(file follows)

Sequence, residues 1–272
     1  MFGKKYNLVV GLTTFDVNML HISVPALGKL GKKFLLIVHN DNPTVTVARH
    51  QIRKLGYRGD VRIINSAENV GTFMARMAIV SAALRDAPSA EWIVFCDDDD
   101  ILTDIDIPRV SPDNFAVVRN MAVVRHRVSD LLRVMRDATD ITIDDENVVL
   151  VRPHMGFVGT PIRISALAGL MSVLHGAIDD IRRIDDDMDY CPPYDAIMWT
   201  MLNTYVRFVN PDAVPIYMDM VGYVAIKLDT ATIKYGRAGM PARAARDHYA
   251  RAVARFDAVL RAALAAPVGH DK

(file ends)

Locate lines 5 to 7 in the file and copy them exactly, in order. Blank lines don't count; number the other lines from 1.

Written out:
   151  VRPHMGFVGT PIRISALAGL MSVLHGAIDD IRRIDDDMDY CPPYDAIMWT
   201  MLNTYVRFVN PDAVPIYMDM VGYVAIKLDT ATIKYGRAGM PARAARDHYA
   251  RAVARFDAVL RAALAAPVGH DK